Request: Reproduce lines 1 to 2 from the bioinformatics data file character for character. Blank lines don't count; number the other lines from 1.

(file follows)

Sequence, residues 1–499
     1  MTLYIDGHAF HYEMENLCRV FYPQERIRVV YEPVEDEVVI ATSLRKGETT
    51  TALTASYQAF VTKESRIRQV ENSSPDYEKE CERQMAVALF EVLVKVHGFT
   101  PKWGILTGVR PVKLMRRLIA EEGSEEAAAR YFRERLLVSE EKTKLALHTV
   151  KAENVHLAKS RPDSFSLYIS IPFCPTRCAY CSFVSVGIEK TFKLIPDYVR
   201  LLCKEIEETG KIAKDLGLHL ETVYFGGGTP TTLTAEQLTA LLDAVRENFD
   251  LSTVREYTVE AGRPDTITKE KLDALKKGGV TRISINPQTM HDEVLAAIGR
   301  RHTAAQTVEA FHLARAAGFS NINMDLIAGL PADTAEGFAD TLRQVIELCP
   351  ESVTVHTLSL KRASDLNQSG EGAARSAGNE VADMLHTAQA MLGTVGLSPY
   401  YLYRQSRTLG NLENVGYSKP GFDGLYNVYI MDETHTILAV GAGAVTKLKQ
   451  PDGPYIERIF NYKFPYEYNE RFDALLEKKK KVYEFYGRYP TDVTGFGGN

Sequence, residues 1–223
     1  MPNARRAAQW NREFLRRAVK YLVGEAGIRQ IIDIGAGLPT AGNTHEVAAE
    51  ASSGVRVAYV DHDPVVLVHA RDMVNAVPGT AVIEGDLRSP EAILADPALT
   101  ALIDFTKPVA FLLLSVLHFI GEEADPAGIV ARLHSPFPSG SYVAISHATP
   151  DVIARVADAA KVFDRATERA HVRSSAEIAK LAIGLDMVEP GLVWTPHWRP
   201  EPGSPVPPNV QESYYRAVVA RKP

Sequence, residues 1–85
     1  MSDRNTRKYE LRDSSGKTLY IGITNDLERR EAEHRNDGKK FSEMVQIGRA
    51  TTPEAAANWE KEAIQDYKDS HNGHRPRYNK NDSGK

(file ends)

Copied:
Sequence, residues 1–499
     1  MTLYIDGHAF HYEMENLCRV FYPQERIRVV YEPVEDEVVI ATSLRKGETT